Football a family affair for Australia’s Nash
Chonburi: 14-year-old Jessika Nash has impressed many with her on-field leadership at the AFC U-16 Women’s Championship Thailand 2019, but just as impressive are the globetrotting efforts of the Australian captain’s biggest fans – her family.
More than 50 family members and friends of Junior Matildas' players have made the trip from Australia to Thailand, with the Nash contingent among the largest in the travelling party.
There are three generations of Nashes in Chonburi, with a fourth represented by a great-grandmother watching every kick of the ball from back home in Australia, as Rae Dower’s side chase a maiden Asian title.
But, as Jessika’s mother Katherine revealed, this is far from the first away day for the family, some of whom have racked up over 45,000 kilometres of football-related travel since the tournament’s first qualifying stage last September.
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“We’ve been to Kyrgyz Republic and we were in Laos. This is our third trip following her now,” said Katherine .
“This time my mum has come along - she’s been along for the last two trips as well. I’ve got my son here. Jessika’s dad is here as well, my aunt and uncle, my sister and her son and daughter, so I think there’s about nine of us in total.
“I was never getting on a plane (before this) and Jessika’s certainly changed my views on that. I’ll get a plane anywhere to watch her and this amazing team.”
Decked out in yellow t-shirts - many of them with their surnames on the back - the families have been a fixture at both of the team’s matches so far, bursting with joy when Alana Jancevski slotted Australia's opening goal of the tournament against Thailand on Wednesday.
Like many, the Nash family’s support has expanded beyond international borders to coincide with Jessika’s national team call-up, but the talented youngster said she has always been able to count on her family to cheer her on.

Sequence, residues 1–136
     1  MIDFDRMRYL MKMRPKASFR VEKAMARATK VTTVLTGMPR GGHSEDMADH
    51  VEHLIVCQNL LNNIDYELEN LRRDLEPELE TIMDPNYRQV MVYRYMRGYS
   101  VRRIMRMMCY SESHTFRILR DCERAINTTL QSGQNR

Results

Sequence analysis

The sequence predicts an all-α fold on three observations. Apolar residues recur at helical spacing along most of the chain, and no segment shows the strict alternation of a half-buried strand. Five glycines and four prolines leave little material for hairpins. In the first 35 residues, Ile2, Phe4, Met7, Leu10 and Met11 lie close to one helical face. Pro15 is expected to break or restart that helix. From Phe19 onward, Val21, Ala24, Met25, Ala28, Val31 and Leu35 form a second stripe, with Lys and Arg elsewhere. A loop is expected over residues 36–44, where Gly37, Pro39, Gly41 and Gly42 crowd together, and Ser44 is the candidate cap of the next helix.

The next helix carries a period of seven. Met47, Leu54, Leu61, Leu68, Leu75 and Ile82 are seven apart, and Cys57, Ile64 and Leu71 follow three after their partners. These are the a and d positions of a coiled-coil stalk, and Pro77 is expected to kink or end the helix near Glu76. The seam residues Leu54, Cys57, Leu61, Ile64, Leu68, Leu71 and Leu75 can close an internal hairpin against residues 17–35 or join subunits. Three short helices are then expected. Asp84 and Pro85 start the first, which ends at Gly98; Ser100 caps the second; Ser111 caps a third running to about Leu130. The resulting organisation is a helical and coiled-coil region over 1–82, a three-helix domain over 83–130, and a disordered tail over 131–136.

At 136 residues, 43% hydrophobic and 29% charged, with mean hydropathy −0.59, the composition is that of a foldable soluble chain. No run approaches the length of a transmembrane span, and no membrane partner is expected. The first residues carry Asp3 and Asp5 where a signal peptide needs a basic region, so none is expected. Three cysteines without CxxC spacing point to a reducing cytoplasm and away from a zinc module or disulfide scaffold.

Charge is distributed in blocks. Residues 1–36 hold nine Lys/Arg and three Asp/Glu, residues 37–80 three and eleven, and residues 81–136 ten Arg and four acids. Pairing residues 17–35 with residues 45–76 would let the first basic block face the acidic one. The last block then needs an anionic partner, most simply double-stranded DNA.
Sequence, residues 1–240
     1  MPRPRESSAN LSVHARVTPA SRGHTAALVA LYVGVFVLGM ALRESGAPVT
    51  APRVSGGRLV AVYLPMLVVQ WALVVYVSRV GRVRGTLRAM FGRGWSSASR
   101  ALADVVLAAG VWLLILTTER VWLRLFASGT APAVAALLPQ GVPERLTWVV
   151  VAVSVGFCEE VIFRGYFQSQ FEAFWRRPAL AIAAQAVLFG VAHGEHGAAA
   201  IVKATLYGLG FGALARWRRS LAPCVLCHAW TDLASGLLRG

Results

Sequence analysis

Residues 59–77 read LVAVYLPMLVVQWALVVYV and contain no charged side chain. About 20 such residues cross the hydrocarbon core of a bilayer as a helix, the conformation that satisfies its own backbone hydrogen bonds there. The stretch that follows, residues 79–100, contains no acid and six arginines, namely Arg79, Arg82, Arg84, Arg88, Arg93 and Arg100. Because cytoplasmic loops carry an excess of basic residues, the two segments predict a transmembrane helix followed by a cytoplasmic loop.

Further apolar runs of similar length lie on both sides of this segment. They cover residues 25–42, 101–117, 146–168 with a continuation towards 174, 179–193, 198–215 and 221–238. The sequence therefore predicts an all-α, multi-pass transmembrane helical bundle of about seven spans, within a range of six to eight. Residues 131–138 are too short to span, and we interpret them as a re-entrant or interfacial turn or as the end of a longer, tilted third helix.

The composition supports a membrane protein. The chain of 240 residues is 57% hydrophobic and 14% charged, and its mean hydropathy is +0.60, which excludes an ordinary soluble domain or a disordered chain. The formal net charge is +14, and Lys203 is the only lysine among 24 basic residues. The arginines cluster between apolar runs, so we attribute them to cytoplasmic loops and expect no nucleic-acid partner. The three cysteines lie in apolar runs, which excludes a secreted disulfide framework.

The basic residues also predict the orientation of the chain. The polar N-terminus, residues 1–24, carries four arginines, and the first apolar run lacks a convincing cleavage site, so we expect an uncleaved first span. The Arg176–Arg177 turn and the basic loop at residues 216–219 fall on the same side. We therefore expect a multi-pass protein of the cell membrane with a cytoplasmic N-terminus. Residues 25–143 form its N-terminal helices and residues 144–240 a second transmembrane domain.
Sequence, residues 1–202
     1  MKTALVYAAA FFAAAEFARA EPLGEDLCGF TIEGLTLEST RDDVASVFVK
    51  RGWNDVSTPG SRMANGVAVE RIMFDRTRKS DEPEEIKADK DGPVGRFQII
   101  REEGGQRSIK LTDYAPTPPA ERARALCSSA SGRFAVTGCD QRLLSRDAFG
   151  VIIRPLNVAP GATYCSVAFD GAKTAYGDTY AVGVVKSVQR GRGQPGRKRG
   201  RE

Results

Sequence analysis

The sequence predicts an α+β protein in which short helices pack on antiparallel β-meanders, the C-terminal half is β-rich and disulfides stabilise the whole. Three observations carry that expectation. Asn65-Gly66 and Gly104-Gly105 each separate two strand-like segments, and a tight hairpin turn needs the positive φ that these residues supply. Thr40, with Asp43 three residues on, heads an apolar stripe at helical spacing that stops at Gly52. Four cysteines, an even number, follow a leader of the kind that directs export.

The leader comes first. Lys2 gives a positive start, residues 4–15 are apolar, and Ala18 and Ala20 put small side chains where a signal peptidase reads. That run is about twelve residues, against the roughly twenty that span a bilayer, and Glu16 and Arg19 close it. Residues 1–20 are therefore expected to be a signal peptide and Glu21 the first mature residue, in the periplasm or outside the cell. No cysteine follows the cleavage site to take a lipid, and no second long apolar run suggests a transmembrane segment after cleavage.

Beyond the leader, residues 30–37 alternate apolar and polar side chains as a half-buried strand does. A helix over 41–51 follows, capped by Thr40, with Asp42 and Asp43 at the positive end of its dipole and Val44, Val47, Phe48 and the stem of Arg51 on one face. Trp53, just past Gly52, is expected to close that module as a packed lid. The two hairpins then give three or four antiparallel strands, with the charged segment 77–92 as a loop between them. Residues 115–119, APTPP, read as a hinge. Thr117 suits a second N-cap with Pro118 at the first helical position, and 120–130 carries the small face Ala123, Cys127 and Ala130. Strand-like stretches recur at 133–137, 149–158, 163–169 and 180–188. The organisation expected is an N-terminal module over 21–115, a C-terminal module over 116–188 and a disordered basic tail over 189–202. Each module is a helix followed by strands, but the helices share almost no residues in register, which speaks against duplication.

“Just like they’ve supported me throughout my childhood,” said the Sydney-based teen. “I think it’s good, them being here, because it just drives and motivates me more because of the hard work and dedication that they put in for me in the sport.
“It’s very important. I think it’s important for my mental health as well. Just knowing that they’re in the same country and supporting me like all my teammates are. I think it’s just great to have my family there for support.”
Jessika developed a passion for the game at an early age, with her family happy to accommodate her dedication by driving her to training, team camps and matches throughout her youth.
Now leading her country, the results speak for themselves, and Katherine – a teacher by profession – is acutely aware of the positive influence her support can play on daughter’s path.
“Jessika was playing football, probably, at the age of four and she had that twinkle in her eye. Even back then, she was very dedicated,” recalled Katherine.
“I just say 'support the player, support the person and support the child'. It isn’t something that we’ve driven, it’s something that she’s driven, and we’ve supported her and it’s not just here. It’s to and from training, to and from camps and just all that emotional support as well."
“Not just the support you can hear now, it’s really bigger than that. Supporting the whole child. The physical and the mental side of these amazing athletes.
“Words can’t express (the pride I feel). It is just amazing. It’s amazing to see all the girls. Supporting your daughter, but also this team, which is just doing amazing things at the moment.”
Strong early results - a draw with Japan and a 6-1 win over Thailand - have Australia on the verge of a first semi-final appearance at the AFC U-16 Women’s Championship since 2009, with another victory over Bangladesh needed on Saturday to secure their place in the final four.
That would also keep alive their bid to qualify for the FIFA U-17 Women’s World Cup in India, but, whatever the final destination, one thing is certain: there will be plenty of familiar faces cheering them on every step of the way.
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